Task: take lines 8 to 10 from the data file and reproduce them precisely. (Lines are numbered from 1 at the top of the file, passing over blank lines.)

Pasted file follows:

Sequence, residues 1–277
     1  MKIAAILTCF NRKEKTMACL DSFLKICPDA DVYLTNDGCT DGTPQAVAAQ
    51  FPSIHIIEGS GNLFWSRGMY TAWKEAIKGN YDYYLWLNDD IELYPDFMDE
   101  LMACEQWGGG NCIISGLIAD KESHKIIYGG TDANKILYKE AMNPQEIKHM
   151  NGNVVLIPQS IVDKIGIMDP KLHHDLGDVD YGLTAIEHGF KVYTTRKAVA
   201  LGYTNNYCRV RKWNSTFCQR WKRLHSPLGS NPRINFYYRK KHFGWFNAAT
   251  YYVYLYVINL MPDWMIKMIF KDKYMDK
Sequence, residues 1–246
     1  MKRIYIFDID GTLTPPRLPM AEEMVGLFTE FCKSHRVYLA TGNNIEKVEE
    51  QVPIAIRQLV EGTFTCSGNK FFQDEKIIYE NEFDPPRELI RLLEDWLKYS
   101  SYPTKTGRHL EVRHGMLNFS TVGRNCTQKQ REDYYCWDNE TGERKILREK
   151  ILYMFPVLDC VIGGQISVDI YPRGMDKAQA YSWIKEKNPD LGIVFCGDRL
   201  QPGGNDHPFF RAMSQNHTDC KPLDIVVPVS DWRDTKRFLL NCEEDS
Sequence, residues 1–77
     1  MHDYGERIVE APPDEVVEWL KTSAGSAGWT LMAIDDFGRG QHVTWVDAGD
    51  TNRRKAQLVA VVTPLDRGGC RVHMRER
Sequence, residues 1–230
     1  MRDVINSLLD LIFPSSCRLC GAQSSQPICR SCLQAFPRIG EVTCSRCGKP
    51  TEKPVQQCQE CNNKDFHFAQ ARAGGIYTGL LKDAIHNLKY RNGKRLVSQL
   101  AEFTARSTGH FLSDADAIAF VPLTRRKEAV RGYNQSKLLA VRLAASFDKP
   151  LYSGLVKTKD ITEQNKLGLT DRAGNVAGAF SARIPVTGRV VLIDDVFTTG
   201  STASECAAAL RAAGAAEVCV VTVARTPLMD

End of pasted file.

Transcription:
Sequence, residues 1–246
     1  MKRIYIFDID GTLTPPRLPM AEEMVGLFTE FCKSHRVYLA TGNNIEKVEE
    51  QVPIAIRQLV EGTFTCSGNK FFQDEKIIYE NEFDPPRELI RLLEDWLKYS